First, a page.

Rapeseed is one of the ten most important agricultural crops worldwide. In spring, the rapeseed fields with their bright yellow flowers are widely visible: this year winter rapeseed is being cultivated on 1.46 million hectares in Germany; at least 2.2 million tons of rapeseed oil can be expected. Beekeepers set up their beehives in the vicinity of rapeseed fields, so that the worker bees can gather nectar This ensures that the rapeseed flowers are pollinated and a high crop yield will be obtained. During her studies, a scientist from the Max Planck Institute for Chemical Ecology has discovered that the plant hormone jasmonic acid known as a signalling molecule after herbivory not only regulates flower development in the bud stage, but also triggers nectar production.
Jasmonic acid and related molecules are constituents of molecular signal transduction chains in plant tissues. These compounds generally referred to as jasmonates are synthesized when caterpillars feed on plants; they are signaling substances and belong to the group of plant hormones. By producing jasmonates the plant regulates its defense against herbivores e.g. by stimulating the synthesis of toxins. Moreover, previous studies have shown that jasmonates regulate the production of "extrafloral nectar". This particular nectar, which is produced by special glands called "extrafloral nectaries", has nothing to do with pollination, but attracts ants to the herbivore-attacked plants as defenders against their pests. The sugars in the nectar reward the ants for defending the plant. The same principle applies to floral nectar: nectar production in the flowers attracts and rewards pollinators which in turn contribute substantially to the seed yield. However, up to now, it has not been clear how nectar production is regulated in the flowers.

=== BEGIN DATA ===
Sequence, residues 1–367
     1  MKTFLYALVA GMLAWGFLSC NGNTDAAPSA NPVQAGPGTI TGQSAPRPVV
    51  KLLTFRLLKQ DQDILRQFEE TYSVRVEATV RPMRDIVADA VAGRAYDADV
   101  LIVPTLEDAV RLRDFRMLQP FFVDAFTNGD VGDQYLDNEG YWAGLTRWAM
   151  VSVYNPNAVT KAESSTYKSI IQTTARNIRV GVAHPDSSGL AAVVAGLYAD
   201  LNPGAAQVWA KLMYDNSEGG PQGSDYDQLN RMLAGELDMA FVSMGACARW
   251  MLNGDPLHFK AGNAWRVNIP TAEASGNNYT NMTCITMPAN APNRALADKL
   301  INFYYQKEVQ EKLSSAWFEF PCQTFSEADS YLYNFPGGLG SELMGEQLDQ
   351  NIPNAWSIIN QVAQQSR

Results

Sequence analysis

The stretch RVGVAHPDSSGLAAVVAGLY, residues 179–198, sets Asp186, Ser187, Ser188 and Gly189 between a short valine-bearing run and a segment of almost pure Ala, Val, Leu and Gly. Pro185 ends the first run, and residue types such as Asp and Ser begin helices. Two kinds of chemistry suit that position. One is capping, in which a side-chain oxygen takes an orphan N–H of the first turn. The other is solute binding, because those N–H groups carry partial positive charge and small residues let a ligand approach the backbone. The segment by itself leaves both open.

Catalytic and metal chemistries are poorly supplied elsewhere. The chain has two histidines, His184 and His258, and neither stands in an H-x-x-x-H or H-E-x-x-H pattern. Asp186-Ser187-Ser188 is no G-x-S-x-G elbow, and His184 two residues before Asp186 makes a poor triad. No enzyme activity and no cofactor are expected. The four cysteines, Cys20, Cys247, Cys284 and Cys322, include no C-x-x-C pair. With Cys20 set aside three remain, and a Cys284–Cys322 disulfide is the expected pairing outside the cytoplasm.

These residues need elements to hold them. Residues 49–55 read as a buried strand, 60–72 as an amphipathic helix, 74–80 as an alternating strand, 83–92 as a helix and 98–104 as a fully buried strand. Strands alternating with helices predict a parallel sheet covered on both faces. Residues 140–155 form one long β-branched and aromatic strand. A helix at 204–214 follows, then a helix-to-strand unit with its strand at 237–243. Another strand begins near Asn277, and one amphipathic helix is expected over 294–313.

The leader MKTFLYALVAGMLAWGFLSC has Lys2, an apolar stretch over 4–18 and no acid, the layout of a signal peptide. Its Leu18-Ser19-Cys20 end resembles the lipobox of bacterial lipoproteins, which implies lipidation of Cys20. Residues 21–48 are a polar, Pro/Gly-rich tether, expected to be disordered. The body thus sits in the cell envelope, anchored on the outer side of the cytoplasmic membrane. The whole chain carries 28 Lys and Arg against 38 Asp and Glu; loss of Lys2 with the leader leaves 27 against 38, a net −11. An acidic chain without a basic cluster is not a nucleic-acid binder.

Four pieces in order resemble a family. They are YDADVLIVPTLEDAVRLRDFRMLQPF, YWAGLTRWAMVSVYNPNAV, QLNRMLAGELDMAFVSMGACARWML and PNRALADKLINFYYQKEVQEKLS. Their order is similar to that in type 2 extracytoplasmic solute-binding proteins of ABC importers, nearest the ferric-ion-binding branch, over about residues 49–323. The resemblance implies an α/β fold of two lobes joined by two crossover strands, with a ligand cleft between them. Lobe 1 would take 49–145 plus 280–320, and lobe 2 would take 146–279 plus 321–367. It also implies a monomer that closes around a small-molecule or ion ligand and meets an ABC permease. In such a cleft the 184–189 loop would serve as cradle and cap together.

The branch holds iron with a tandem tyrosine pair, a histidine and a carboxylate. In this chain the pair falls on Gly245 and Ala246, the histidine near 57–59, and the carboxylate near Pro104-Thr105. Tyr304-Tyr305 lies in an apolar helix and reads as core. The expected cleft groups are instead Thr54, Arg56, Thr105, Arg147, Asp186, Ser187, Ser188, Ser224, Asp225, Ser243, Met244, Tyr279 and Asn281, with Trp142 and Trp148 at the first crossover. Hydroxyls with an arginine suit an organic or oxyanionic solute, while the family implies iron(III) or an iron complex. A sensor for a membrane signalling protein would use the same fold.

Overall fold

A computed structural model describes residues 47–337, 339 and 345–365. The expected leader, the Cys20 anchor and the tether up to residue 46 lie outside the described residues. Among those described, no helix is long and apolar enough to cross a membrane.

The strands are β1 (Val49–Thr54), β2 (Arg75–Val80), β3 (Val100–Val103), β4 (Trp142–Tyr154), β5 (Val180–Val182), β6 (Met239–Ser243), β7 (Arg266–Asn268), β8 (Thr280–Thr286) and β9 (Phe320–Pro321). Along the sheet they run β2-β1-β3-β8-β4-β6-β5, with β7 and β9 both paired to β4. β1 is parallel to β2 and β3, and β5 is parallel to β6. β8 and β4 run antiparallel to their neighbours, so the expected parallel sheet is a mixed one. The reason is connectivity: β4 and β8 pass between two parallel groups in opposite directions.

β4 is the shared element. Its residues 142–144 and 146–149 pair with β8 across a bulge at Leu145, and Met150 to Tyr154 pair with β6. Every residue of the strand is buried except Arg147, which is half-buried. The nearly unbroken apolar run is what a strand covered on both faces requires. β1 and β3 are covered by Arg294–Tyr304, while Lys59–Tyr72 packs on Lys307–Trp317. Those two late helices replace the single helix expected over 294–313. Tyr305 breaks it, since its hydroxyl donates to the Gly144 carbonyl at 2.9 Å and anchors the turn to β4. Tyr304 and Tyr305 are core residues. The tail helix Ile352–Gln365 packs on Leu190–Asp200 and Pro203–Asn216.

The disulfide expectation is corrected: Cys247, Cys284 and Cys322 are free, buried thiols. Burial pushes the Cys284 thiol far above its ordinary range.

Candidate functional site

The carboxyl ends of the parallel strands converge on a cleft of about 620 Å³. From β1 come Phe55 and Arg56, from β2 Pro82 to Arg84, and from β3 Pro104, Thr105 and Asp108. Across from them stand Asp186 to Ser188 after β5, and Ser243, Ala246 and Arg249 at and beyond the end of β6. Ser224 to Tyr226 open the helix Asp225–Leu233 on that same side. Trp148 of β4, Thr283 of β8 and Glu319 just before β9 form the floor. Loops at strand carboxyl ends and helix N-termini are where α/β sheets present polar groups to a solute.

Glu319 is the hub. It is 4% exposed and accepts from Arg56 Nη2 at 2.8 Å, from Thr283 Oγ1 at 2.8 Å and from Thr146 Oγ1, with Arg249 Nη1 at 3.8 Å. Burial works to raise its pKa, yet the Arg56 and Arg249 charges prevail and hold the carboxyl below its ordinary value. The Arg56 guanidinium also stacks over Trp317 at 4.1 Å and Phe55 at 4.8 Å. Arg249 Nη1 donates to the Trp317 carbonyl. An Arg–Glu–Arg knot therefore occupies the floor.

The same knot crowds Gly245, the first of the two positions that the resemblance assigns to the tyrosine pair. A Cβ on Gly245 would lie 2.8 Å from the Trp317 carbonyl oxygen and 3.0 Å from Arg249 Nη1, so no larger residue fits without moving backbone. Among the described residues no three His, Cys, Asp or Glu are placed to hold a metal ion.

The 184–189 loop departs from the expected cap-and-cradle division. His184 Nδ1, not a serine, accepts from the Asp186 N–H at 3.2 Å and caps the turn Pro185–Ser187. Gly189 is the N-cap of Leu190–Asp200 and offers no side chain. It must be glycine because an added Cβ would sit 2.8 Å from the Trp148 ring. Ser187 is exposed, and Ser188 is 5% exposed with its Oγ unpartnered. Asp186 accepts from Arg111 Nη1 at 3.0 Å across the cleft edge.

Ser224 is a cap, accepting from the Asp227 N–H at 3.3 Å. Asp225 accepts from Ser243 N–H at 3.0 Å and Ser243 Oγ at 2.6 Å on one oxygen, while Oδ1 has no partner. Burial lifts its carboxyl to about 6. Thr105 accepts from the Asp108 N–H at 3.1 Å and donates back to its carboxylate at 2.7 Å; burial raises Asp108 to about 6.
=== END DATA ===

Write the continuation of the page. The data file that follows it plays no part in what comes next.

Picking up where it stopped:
Different effects in flowers and leaves
Radhika Venkatesan, PhD student at the International Max Planck Research School in Jen
|Contact: Professor Martin Heil|
Max Planck Institute for Chemical Ecology